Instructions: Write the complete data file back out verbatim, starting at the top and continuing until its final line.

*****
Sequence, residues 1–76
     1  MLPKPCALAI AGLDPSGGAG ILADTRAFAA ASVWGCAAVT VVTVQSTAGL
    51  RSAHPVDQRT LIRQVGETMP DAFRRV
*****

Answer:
Sequence, residues 1–76
     1  MLPKPCALAI AGLDPSGGAG ILADTRAFAA ASVWGCAAVT VVTVQSTAGL
    51  RSAHPVDQRT LIRQVGETMP DAFRRV